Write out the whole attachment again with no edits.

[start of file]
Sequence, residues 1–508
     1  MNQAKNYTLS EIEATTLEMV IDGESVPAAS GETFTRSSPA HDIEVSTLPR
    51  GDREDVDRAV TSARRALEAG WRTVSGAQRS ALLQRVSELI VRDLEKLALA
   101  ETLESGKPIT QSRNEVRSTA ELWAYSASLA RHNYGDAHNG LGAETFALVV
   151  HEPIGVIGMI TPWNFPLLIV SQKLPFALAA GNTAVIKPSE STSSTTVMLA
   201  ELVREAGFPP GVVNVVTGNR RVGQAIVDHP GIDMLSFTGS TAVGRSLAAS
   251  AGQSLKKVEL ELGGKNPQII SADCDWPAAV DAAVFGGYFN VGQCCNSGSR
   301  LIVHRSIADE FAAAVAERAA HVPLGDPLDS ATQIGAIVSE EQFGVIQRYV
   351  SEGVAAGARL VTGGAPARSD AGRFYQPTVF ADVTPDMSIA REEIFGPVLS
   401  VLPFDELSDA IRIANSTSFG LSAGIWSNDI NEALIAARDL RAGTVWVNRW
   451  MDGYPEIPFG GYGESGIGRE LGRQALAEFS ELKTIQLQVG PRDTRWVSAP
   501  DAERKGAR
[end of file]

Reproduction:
Sequence, residues 1–508
     1  MNQAKNYTLS EIEATTLEMV IDGESVPAAS GETFTRSSPA HDIEVSTLPR
    51  GDREDVDRAV TSARRALEAG WRTVSGAQRS ALLQRVSELI VRDLEKLALA
   101  ETLESGKPIT QSRNEVRSTA ELWAYSASLA RHNYGDAHNG LGAETFALVV
   151  HEPIGVIGMI TPWNFPLLIV SQKLPFALAA GNTAVIKPSE STSSTTVMLA
   201  ELVREAGFPP GVVNVVTGNR RVGQAIVDHP GIDMLSFTGS TAVGRSLAAS
   251  AGQSLKKVEL ELGGKNPQII SADCDWPAAV DAAVFGGYFN VGQCCNSGSR
   301  LIVHRSIADE FAAAVAERAA HVPLGDPLDS ATQIGAIVSE EQFGVIQRYV
   351  SEGVAAGARL VTGGAPARSD AGRFYQPTVF ADVTPDMSIA REEIFGPVLS
   401  VLPFDELSDA IRIANSTSFG LSAGIWSNDI NEALIAARDL RAGTVWVNRW
   451  MDGYPEIPFG GYGESGIGRE LGRQALAEFS ELKTIQLQVG PRDTRWVSAP
   501  DAERKGAR